Vodka cocktails typically aren't very nuanced. They're poured from a well or an overpriced bottle of Grey Goose, then watered down with a squirt of cranberry juice or soda from those disgusting behind-the-bar guns. There is really no sense in making vodka more complicated than it has to be -- water it down to cut the burn and make it drinkable enough that you'll eventually black out.
But that doesn't mean mixologists can't try to fancy up a vodka drink. At Henderson Avenue Country Club, you'll find a cocktail just sweet enough to remind you of those black-out days without making you actually reconsider your old habit of mixing a handle of McCormick's vodka with a canister of Crystal Light lemonade powder.
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Henderson Avenue Country Club exists somewhere between a high-end cocktail bar and the joint you used to close down in college. It's got a thoroughly honky-tonk feel, and the menu is almost exclusively comfort food and barbecue. It isn't a place where you expect to find Aperol and Domaine De Canton, but there it is.
There are plenty of entry-level cocktails, your Moscow Mules and gimlets, but this isn't your average, boring bar menu, as evinced by the vodka-based Why The Long Face. The mix of vodka, lime juice, simple syrup, raspberry and thyme sprigs is sweet and tart, if a bit watered down from an overly enthusiastic shake at the bar. The raspberries are only muddled a bit into the drink, and it could use more lime juice to balance out the simple syrup.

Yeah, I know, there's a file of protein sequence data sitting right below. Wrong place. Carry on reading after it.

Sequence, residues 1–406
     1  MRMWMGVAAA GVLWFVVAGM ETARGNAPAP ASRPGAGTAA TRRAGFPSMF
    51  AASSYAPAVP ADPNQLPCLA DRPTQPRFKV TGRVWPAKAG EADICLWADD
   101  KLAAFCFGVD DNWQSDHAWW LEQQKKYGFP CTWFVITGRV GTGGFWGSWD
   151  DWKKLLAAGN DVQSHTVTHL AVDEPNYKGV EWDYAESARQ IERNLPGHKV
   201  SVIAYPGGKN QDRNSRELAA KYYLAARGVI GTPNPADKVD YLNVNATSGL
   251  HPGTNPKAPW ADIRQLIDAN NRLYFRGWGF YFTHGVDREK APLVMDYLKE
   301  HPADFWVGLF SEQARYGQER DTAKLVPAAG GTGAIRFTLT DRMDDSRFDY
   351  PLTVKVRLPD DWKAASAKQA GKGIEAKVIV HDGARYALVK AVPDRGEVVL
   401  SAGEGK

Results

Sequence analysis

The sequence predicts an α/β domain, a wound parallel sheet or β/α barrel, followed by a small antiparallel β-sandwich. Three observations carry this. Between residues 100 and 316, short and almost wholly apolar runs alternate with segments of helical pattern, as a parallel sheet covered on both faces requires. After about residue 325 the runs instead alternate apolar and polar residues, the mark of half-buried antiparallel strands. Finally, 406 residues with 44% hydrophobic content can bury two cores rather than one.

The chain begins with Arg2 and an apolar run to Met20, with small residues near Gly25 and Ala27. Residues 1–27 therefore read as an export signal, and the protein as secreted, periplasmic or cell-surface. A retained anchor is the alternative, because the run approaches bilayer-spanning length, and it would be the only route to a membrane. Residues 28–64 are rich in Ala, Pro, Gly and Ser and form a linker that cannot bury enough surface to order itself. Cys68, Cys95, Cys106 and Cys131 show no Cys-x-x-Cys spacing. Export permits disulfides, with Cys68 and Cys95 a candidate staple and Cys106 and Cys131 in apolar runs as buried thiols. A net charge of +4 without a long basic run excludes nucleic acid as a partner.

Overall, though, it is exactly the kind of drink that you want to have when you're faced with a giant plate of burnt ends or smoked pork ribs. It's not too heavy, and perfectly refreshing if you've had too much spicy sauce. A dash or two of peach bitters adds a welcome complexity, and you should ask for extra when you order. A lot of cocktails in town could use an extra dash of bitters before tasting, and that is especially true here. Bitters can be intimidating for people who don't know much about cocktails, especially if they think that they don't like bitter flavors. But if you've been drinking long enough to order cocktails, you're old enough to understand that most drinks simply need more bitters. They're better that way.
Still, this cocktail is part of a menu that can appeal to a wide swath of drinkers without being dumbed-down. In the world of craft cocktails, there is sometimes a little derision directed at people who enjoy really drinkable cocktails, but not every cocktail has to be a heavy, spirit-forward, 27-element production. Sometimes, a simple drink that you can easily slug down six of is precisely what you need. And for that purpose, the Why The Long Face is perfect.